What is DIPG

DIPG is a type of tumor that starts in the brain stem, the part of the brain just above the back of the neck and connected to the spine.

Diffuse Intrinsic Pontine Glioma (DIPG)

While the diagnosis of DIPG is difficult, there are steps you can take to improve the quality of care for your child.

DIPG is a type of tumor that starts in the brain stem, the part of the brain just above the back of the neck and connected to the spine. The brain stem controls breathing, heart rate, and the nerves and muscles that help us see, hear, walk, talk and eat. These tumors are called gliomas because they grow from glial cells, supportive cells in the brain.

About 10% to 20% of all childhood brain tumors are DIPG or brainstem gliomas.

They are more common in children between the ages of 5 and 10 years but can occur at any age in childhood. Though rare, they can also occur in adults.


Frequently asked questions.

You have questions, we have answers.

While DIPG tumors may have certain genetic changes (the doctor will call them mutations), this isn’t a disease that children get from their parents. It doesn’t come from exposure to anything in the world around them either, like smoke, chemicals, or radiation. There’s no way to prevent DIPG or lower your child’s risk of getting it.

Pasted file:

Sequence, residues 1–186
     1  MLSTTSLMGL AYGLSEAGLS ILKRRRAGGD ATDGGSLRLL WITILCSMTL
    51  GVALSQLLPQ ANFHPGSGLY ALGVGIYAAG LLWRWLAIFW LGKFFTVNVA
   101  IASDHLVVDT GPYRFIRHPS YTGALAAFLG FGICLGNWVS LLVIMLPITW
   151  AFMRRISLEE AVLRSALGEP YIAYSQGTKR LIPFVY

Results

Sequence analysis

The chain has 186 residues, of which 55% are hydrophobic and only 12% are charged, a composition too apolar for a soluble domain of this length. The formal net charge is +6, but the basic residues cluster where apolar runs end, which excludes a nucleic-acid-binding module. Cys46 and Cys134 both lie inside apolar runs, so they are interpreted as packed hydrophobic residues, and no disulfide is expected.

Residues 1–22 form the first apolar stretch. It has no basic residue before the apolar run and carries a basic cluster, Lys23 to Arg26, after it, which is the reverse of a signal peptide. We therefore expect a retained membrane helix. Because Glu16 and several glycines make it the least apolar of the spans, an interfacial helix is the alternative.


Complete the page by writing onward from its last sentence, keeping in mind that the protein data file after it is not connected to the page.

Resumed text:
Doctors think DIPG may be linked to how a child’s brain grows. Tumors tend to appear at an age when the brain is changing fast. During this time, there’s a high amount of a type of brain cell that may drive DIPG tumor growth.

Symptoms usually develop rapidly in most patients because of the fast growth of these tumors.


The most common symptoms related to DIPG include the following:

  • Problems with balance and walking
  • Problems with the eyes (including double vision, drooping eyelids, uncontrolled eye movements, blurred vision)
  • Problems with chewing and swallowing
  • Nausea and vomiting
  • Morning headache or headache that gets better after the child vomits